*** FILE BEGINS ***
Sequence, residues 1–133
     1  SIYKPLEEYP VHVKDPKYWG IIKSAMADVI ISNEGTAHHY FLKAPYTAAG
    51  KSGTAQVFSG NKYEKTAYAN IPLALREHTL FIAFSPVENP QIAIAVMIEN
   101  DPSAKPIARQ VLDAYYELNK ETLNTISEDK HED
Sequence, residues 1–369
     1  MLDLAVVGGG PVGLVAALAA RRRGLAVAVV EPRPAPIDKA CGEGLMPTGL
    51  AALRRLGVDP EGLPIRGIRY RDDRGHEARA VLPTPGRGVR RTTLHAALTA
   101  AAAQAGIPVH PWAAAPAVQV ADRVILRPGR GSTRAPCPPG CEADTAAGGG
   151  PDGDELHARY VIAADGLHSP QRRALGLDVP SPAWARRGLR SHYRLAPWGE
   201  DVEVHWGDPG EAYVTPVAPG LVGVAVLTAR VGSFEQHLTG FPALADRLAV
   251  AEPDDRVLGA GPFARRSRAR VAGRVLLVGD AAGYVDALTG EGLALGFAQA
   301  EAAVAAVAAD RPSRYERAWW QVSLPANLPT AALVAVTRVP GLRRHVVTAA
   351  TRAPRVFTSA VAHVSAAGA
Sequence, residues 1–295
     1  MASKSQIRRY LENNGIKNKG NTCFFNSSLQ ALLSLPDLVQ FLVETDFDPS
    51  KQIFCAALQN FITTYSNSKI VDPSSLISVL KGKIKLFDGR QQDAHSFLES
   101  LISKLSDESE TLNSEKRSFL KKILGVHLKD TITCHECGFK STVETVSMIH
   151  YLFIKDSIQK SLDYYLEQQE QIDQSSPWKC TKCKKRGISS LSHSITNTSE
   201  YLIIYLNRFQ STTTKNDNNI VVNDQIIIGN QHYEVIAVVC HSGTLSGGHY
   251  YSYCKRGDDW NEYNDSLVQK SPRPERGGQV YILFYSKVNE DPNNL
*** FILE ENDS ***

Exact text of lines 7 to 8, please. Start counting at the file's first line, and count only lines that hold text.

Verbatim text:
    51  AALRRLGVDP EGLPIRGIRY RDDRGHEARA VLPTPGRGVR RTTLHAALTA
   101  AAAQAGIPVH PWAAAPAVQV ADRVILRPGR GSTRAPCPPG CEADTAAGGG